Top-5 Disadvantages of Living in a Brand New Condo
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When I have my first conversation with a new buyer-client, I often hear them say, “I want something brand new, never lived in!”. While I can definitely resonate with the appeal of moving into a brand new space, there are some notable drawbacks with living in a brand new condo. Here are my top-5 Disadvantages of Living in a Brand New Condo:
- Property Management Issues. New buildings have plenty of ‘kinks’ that need to be worked out. Property management can be stretched pretty thin and your individual needs may not be a priority if there are significant building issues going on. Also, the property management company in a brand new condo is one hired by the developer. Many condo boards feel the need to fire their property management group and hire their own independent third party to manage the building.
- Incomplete common areas. This is big one especilaly if you are on a lower floor and you are facing a long occupancy period. The common areas and the amenities are the last thing the developer will complete. Worst case scenario: it could be months or even a year before you can use your gym, party room etc.
- Tarion warranty visits. You do your PDI (pre-delivery-inspection) and you find all your unit’sÃƒâ€šÃ‚Â deficiencies, then you move in a couple days later. Chances are there is a long list of items that will need to be remedied. These will be done piece-meal over several weeks or possibly months. You will have painters and plumbers and handymen of all kinds entering your unit on a regular basis until this work is done.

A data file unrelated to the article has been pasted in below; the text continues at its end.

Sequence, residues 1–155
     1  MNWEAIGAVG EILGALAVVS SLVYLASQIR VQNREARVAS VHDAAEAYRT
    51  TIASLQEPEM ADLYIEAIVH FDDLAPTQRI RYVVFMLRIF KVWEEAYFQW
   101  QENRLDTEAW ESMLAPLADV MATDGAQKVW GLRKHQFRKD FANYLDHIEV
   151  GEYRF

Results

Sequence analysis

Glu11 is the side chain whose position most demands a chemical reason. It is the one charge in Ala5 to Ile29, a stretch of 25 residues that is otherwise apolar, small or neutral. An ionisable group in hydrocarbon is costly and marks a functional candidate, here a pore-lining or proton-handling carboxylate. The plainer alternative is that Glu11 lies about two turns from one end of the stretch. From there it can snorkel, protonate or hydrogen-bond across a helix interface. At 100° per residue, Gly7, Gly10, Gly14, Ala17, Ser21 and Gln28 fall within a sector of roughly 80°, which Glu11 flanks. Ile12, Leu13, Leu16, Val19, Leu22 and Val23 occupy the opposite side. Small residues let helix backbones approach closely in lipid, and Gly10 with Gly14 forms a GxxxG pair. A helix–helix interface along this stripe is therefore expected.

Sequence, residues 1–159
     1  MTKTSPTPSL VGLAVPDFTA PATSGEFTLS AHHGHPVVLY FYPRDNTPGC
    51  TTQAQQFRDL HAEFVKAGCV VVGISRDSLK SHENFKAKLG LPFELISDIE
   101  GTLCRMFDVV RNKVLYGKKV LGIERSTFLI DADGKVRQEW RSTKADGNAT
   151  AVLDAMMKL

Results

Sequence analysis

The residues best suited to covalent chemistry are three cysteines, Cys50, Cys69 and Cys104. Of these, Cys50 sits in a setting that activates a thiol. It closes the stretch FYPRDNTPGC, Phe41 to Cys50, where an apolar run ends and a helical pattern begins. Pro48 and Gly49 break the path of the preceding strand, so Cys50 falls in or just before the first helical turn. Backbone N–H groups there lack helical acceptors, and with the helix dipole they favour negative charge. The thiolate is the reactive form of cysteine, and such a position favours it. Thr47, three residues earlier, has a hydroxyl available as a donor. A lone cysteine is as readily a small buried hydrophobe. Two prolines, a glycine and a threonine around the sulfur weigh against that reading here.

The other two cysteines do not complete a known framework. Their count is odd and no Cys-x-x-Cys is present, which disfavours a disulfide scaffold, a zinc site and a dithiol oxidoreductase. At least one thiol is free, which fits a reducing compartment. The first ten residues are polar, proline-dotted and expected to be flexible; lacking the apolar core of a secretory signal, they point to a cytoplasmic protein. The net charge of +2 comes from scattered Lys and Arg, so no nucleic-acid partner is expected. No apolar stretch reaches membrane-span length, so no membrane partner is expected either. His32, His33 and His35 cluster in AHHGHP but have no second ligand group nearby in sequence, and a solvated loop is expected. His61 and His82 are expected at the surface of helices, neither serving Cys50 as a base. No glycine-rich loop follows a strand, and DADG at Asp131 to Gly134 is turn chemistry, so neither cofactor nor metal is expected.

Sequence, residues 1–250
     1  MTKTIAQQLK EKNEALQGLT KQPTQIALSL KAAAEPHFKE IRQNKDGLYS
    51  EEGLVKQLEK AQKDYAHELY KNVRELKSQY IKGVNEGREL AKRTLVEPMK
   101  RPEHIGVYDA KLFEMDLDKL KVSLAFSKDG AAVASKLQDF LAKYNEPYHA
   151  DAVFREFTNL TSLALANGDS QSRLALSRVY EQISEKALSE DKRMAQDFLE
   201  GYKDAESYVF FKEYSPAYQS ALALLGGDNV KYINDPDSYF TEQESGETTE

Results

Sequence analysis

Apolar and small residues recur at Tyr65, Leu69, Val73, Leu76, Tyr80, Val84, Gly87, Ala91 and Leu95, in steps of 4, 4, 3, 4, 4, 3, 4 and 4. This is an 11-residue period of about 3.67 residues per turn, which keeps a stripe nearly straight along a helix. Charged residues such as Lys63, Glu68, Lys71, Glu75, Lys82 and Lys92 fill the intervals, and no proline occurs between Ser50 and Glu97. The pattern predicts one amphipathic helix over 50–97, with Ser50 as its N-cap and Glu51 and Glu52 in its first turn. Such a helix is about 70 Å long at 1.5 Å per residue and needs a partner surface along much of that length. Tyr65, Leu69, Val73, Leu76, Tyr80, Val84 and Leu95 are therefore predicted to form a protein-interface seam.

- Maintenance fees have nowhere to go but up. The initial maintenance fees are set by teh developer, and almost universally they are set far too low. After the first year of a new building it’s quite common for fees to go up 10-15%, but it can be much higher. Moving into a brand new building means uncertainty of what the maintenance fees will be in the near future. Established buildings are generally more predictable when it comes to maintenance fee increases.
- Hidden expenses. Buying a brand new condo means you will have to buy some things that most resale buyers take for granted. Things like window coverings and light fixtures are not included when buying from a builder, but they are essentially ‘must haves’ in any apartment. Depending on your preferences these can cost a few hundred dollars to tens of thousands of dollars; money that you will not necessarily get back when you resell your unit.
Questions or comments about living in a new condo? Debating between going with a resale unit or buying new? Please contact me.